Posh Lunch Club at Kitchen W8, Kensington

Posh Lunch Club last week could only be a success, for I was to be in affable company. Oliver Thring, fellow blogger and now writer, joined me for a sojourn to the wilds of Kensington. Always cheerful and ever sharp, I knew we would have some fun. We had booked lunch at Kitchen W8, a restaurant not on my radar at all, and for that reason, I was keen to try it. It’s like watching a film without seeing a trailer, or reading a review, and not really being sure what to expect as a result.  It can be very successful or perplexing, I wondered what I would get. En route, I spied a tweet from Ollie, stating that they had tried to seat us at the worst table in the room, even though the restaurant was empty. I sighed and speeded on, as ever a fashionable ten minutes late. Chronoptimism, my faithful stalker. On arrival I spied a beige room, with lots of emaciated blonde older diners, lots of Ladies-What-Lunch. As a less svelte …

In the kitchen at L’Anima with Francesco Mazzei: Linguine Vongole

I was very excited, and also a little hot and bothered. I had to be in Liverpool St at 5pm, but I didn’t finish work until 5.30pm, and I work an hour away. Eish! What to do?! Thankfully, Francesco and his team were patient and flexible, and unfazed when I burst through the door, earlier than I thought possible, but later than arranged, red and frizzy and ready for vongole. Vongole? What’s that? It’s one of the best Italian culinary offerings, and when nestled with linguine, a real treat. Fresh and lively, salty and sweet, fruity and toothsome, you can’t beat it. I’ve cooked this at home, but not for a while. It’s one of those things that has to be done right, great vongole from an even better fishmonger, great pasta and some time. That’s all. Like anything else, there are ways to do it to do it and to do it right you need to adhere to the rules, but really it’s not that complicated, and once you know the steps, it’s utterly …

January in food and frolics: the roundup

It seemed like January was never-ending, truly a bottomless pit of rushing to work while skidding on ice and low heavy skies. Skies that were so heavy, I felt like chicken licken, and wanted to roar to the world “The sky is falling in!”. But then, it was gone. Gone! Just like that. And suddenly it was February. How can that be? To stay so long, then leave so quickly. My sense of time is distorted, and now what do I do that I no longer have January to blame for everything? As much as I proclaimed the misery of it all, the heart wrenching, grey boredom that January cruelly bestows on me, there were some culinary moments that may make my best of 2010. Some really fun and utterly delicious adventures. An evening where I was demolished not by January, but by vodka and my own lack of sense, some time in the kitchen with Francesco Mazzei, a Bisol cookoff, a very good pie crafted by my own fair hands, and a new way …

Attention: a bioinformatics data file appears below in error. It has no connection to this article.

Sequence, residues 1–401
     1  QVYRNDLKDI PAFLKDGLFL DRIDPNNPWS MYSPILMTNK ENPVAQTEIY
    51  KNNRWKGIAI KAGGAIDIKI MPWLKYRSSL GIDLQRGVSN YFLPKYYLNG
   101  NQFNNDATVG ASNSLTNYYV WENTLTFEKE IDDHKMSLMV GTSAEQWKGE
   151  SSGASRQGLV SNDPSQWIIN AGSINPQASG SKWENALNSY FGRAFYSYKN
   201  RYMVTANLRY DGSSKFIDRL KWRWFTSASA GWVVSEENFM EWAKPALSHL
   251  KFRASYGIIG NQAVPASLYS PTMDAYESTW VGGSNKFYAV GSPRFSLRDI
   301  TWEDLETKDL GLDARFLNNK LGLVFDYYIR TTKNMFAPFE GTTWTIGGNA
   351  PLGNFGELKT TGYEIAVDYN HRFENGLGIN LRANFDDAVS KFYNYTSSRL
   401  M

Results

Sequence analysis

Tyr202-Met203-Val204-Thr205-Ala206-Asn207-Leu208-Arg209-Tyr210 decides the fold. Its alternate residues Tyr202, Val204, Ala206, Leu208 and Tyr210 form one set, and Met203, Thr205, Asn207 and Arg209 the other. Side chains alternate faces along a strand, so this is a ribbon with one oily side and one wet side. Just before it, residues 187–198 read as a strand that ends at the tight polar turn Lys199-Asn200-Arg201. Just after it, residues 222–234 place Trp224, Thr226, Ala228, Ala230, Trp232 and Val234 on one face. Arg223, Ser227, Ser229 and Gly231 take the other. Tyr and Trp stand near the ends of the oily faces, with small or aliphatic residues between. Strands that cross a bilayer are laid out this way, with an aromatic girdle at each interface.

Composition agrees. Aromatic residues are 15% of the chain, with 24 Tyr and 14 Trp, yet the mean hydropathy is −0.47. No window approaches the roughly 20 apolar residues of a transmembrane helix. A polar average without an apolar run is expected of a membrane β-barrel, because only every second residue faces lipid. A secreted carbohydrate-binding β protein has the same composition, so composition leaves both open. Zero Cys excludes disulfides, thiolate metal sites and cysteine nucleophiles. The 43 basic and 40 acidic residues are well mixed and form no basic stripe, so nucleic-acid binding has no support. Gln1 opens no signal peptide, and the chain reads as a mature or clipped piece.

A Roast Lunch with English Fizz

Borough Market is a frequent stomping ground, and as many years as I have been going there, there are some nooks still unexplored. One of these was Roast, a restaurant dedicated to British cooking using seasonal produce. I had sampled their breakfast wares on occasion, and they do a scoffable scotch egg, but on this occasion, I had an invite to lunch from Chapel Down Wines, one of our fantastic donors for the blaggers banquet and one of the market leaders in the budding English wine industry. I know the sparkling well, I’ve had it many times, and I really like it. I also really like the Bacchus 2006, a fine white wine, but their other wines, and new beers were unexplored territory. Roast were making a lunch with some blind matches aranged by the chef and the winemaker. I really enjoy this kind of lunch, as it gives me an opportunity to learn some more about matching, and to speak to the people that produce the wine and make the food. We’re too dissociated …

Lunch at Galvin La Chapelle

The Galvin brothers have moved east and opened a new eatery in Spitalfields, or rather two, Galvin La Chapelle for high end dining, and attached, Galvin Cafe de Luxe for more relaxed dining. I’ve been pretty lax this year for checking in on new openings, so when Fiona Beckett, prolific author, blogger and twitterer invited me there for lunch, how could I say no? I couldn’t. Housed in the former church hall of St Botolph’s in Spitalfields, on the new and spruced up Spital Square, an area once full of character, but sadly now more full of chains, Galvin La Chapelle sits on a corner. Behind an imperial grey doorway lies an arresting cavernous restaurant, with high vaulted ceilings and a glass walled mezzanine area housing the toilets at the back, and a private dining area at the front. It’s very impressive, and screams decadence. The clientele are, given the location, predominantly city types, donning designer suits and brandishing brandy. I am relieved when I spy Fiona, relaxed and smiling at a table by the …

The Civet Cat Club